Oscar Winner Martin Landau Dies
He revived career after Mission:Impossible typecasting
By Newser Editors and Wire Services
Posted Jul 17, 2017 12:15 AM CDT
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In this March 2, 2014 photo, Martin Landau arrives at the 24th Night of 100 Stars Oscars Viewing Gala at The Beverly Hills Hotel.   (Photo by Annie I. Bang /Invision/AP, File)
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(Newser) – Martin Landau, the chameleon-like actor who gained fame as crafty master of disguise Rollin Hand in the 1960s TV show Mission: Impossible, then capped a long and versatile career with an Oscar for his poignant portrayal of aging horror star Bela Lugosi in 1994's Ed Wood, has died, the AP reports. He was 89. Landau died Saturday of unexpected complications during a short stay at UCLA Medical Center, his publicist says. The New York-born Landau studied drawing and worked for a time as a New York Daily News cartoonist before switching careers at age 22. In 1955, he was among hundreds who applied to study at the prestigious Actors Studio and one of only two selected. The other was Steve McQueen.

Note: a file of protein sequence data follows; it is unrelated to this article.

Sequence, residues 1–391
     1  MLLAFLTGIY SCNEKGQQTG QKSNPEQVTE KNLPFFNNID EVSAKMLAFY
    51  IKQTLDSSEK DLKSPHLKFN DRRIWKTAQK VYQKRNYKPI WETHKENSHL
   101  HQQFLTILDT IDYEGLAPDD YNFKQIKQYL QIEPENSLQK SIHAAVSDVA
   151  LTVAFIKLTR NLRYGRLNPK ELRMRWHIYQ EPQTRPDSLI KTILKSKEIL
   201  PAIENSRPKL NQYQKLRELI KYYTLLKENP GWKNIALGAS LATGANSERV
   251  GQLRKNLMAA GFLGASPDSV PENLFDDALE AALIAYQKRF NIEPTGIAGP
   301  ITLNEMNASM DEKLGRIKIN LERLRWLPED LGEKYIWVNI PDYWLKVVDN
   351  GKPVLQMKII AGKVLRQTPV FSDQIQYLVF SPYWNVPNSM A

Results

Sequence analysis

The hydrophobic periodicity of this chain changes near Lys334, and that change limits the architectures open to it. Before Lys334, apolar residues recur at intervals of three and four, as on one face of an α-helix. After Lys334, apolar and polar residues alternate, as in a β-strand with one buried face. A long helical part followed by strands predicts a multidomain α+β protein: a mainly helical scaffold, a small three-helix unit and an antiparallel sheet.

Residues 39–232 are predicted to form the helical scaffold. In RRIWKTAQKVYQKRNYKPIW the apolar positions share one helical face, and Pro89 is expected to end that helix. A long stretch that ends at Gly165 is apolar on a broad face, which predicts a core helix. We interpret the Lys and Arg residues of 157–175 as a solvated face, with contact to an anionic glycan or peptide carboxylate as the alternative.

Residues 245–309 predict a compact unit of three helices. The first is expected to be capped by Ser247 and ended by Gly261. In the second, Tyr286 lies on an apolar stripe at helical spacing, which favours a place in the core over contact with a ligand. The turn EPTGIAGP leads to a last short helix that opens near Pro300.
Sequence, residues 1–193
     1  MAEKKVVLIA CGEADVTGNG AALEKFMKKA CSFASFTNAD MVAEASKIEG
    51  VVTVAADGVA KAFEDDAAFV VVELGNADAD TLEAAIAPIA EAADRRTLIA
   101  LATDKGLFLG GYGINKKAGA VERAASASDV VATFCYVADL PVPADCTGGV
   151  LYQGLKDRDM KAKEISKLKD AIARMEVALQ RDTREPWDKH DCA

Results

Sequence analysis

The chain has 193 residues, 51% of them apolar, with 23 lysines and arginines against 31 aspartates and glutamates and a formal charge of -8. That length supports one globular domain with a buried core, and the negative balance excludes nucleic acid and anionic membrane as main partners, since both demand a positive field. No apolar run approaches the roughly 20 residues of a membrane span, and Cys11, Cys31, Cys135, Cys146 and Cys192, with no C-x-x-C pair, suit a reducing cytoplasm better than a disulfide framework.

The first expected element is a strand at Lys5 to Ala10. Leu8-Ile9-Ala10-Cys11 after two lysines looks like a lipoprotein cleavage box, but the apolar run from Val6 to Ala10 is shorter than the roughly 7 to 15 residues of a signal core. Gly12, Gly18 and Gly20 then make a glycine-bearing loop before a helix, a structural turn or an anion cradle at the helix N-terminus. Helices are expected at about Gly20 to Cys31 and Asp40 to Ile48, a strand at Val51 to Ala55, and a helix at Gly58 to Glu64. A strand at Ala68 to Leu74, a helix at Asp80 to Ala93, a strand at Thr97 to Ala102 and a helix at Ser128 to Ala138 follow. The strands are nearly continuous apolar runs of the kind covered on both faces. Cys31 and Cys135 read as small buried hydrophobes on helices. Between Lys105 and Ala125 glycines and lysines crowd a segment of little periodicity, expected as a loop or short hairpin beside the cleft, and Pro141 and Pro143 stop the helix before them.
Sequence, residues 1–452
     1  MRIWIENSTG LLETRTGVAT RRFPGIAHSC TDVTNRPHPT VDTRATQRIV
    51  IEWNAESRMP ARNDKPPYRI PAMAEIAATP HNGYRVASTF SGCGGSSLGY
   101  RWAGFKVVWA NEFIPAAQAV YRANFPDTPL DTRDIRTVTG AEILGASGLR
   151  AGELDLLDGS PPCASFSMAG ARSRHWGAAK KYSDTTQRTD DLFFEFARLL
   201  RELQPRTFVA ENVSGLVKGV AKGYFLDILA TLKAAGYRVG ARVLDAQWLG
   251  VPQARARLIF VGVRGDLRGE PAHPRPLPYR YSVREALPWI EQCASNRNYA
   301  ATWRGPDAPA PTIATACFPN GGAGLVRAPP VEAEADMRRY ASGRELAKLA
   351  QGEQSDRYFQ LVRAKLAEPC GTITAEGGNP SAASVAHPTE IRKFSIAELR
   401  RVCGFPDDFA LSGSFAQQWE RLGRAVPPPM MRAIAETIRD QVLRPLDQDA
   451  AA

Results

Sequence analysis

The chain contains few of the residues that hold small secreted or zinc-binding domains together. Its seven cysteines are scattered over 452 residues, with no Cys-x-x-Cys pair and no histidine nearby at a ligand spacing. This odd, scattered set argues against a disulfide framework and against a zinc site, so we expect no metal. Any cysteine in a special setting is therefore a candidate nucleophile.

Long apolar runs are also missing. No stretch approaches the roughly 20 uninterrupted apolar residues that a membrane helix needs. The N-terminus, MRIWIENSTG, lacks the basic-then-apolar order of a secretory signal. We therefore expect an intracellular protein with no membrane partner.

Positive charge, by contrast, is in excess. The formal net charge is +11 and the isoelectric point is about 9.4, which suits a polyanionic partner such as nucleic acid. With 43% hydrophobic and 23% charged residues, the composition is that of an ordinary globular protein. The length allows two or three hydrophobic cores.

After a brief but impressive Broadway career, Landau had made an auspicious film debut in the late 1950s, playing a soldier in Pork Chop Hill and a villain in the Hitchcock classic North By Northwest. He enjoyed far less success after Mission: Impossible, however, finding he had been typecast, and his film career languished for more than a decade. He began to find redemption with a sympathetic role in Tucker: The Man and his Dream, the 1988 Francis Ford Coppola film that garnered Landau his first Oscar nomination. He was nominated again the next year for his turn as the adulterous husband in Woody Allen's Crimes and Misdemeanors. He won Best Supporting Actor for his role in Ed Wood. "There was a 10-year period when everything I did was bad. I'd like to go back and turn all those films into guitar picks," Landau said after accepting his Oscar.

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